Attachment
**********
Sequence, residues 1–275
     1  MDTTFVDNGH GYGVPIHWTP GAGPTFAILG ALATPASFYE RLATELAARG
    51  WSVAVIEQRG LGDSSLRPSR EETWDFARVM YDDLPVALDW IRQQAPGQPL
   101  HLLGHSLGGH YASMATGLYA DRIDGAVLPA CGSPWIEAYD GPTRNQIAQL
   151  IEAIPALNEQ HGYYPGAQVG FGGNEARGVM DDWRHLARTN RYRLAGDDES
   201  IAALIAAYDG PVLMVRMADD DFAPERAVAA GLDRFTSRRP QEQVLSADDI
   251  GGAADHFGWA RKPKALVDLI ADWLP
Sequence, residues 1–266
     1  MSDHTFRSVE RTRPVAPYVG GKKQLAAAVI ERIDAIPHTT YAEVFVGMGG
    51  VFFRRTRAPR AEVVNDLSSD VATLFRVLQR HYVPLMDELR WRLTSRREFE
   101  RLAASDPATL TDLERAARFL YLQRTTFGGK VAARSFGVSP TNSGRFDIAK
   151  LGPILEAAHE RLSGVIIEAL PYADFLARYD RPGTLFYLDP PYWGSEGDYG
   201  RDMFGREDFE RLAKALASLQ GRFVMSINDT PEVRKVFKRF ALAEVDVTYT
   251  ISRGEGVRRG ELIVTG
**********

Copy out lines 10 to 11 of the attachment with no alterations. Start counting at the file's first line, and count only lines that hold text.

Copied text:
    51  VFFRRTRAPR AEVVNDLSSD VATLFRVLQR HYVPLMDELR WRLTSRREFE
   101  RLAASDPATL TDLERAARFL YLQRTTFGGK VAARSFGVSP TNSGRFDIAK